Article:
in News.

Children and young people with brain injuries often need extra help and support in school or college because of their special educational needs.

All schools must ‘use their best endeavours’ to make sure that a child with special educational needs gets the support they need. This means the school must do everything they can to meet your child’s needs. There are obviously budget constraints on this, and it does not mean that the school necessarily has to do everything you ask for your child.

What are Special Educational Needs?

The SEN Information report

Every maintained school and academy in England must publish a SEN Information Report, which should be updated annually. Details of exactly what this report must include can be found at paragraph 6.79 SEND Code of Practice:

  • Arrangements for assessing and reviewing children and young people’s progress towards outcomes. This should include the opportunities available to work with parents and young people as part of this assessment and review
  • How adaptations are made to the curriculum and the learning environment of children and young people with SEN
  • How children and young people with SEN are enabled to engage in activities available with children and young people in the school who do not have SEN

It can be helpful to read your child’s schools SEN Information Report when asking for extra help to see what the school says it provides.

What is SEN Support?

What is SEN Support?

SEN Support

There is a category of additional support in mainstream schools called SEN Support. This is for children who need extra help because of their special educational needs.

Schools must identify any child who has special educational needs and needs additional help via SEN support and the school must inform you if your child receives SEN support.

Schools also have to keep a record of the support that they provide to your child and share this with you every year.

The SEN Support cycle

SEN support follows a four stage cycle:

  • Assess – the school needs to gather all relevant information about your child’s needs
  • Plan – the school, along with you, produces a plan to decide what support to give your child
  • Do – the support, usually given by the teacher, Senco or external specialists, is put in place
  • Review – the school considers the success of the plan. you must be included in this review

This cycle is usually done on a termly basis, so in one academic year your child could go through three ‘cycles’ of SEN support.

The SEN budget and Education, Health and Care Needs assessment

If you, the school, or both consider that your child has not made the progress expected despite the additional help from SEN support, then you should consider requesting an Education, Health and Care Needs assessment.

All mainstream schools are given an amount of funding to support children with special educational needs, it is called the notional SEN budget. It is not ring-fenced per child, but for the school to provide to any child who needs extra help.

If your child needs more support than the school can provide, and is issued with an Education, Health and Care Plan, then the funding for the support in their plan is solely for your child, not for the good of the whole school.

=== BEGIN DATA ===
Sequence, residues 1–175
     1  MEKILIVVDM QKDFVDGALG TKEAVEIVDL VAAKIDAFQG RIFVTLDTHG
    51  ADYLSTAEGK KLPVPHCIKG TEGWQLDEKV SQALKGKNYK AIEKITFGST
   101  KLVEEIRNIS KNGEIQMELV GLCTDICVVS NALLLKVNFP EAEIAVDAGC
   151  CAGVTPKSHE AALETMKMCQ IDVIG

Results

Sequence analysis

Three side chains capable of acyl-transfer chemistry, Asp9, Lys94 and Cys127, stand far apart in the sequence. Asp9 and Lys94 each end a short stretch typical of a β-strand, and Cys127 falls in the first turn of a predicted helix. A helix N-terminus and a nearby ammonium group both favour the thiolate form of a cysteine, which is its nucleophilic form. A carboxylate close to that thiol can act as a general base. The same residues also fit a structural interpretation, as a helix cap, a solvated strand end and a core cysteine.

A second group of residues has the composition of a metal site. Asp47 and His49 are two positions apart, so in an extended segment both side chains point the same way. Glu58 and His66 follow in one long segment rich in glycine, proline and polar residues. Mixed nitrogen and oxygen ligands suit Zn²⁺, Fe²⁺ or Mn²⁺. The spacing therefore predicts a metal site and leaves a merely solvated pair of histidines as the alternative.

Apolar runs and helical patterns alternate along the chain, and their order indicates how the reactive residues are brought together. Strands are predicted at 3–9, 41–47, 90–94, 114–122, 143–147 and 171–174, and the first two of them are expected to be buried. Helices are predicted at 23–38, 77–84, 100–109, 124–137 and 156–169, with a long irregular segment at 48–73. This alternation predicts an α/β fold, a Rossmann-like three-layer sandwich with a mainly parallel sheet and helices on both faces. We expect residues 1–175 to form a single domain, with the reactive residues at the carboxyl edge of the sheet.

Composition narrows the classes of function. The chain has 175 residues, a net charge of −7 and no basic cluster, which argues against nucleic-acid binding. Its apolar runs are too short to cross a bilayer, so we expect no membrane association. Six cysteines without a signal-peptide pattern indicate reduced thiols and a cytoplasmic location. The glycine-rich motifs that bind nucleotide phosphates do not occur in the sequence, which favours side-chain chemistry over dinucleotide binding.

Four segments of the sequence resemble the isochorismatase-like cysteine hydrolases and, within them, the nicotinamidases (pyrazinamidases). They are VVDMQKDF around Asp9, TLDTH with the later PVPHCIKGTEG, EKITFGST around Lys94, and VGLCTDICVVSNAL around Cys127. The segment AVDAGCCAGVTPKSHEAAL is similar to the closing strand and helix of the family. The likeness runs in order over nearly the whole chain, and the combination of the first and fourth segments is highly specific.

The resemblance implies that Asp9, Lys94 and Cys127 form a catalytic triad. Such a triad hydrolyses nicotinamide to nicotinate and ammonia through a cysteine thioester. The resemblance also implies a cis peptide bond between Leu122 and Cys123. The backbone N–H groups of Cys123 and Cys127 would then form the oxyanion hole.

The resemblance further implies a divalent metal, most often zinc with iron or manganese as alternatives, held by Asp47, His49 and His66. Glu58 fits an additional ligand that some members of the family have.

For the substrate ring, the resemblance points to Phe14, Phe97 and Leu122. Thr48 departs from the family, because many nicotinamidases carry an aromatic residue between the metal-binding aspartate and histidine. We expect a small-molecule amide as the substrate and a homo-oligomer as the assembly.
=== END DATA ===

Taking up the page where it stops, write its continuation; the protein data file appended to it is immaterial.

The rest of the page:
More information on Education, Health and Care Plans

What is an EHCP – does my child need one?

Produced by Victoria Federico of Access Legal Solicitors

Victoria Federico heads the Education Law team at Access Legal Solicitors. Victoria works for parents and young people with a range of special educational needs and disabilities to secure the best possible provision and educational placement for them.

Victoria has specialised in education law, particularly special educational needs, since July 2008 and heads Access Legal Solicitors Education Law team. She has secured placements at a range of mainstream and special schools and colleges, including residential and split placements. Victoria regularly provides training to parents, support groups and professionals on education law, special educational needs and disability. She has also spoken at a national conference for case managers, attends exhibitions and writes articles on education law.

Brain Injury Group members Access Legal Solicitors have offices in Birmingham, Northampton and Reading.

What is the Brain Injury Group?

The Brain Injury Group exists to support individuals and families affected by brain injury and the health and social care professionals working in this specialist field. Our mission is to provide anyone affected by brain injury with access to advice on legal, financial and welfare benefit issues delivered by proven experts in the field who have been chosen not only for their skills and knowledge, but also for their passion and dedication to helping people.

How can Brain Injury Group help you?

If you would like advice about bringing a personal injury claim, capacity, deputyships or managing the award of compensation or any other aspect of brain injury welfare, legal or financial advice, we have specialist brain injury solicitors and Court of Protection solicitors who can assist.

You can find full details of Brain Injury Group members on our website or there are several ways to get in touch:

  1. Call us on 0800 612 9660 or 03303 112541
  2. Email us at
  3. Complete this short enquiry form and we’ll get back to you
Share this page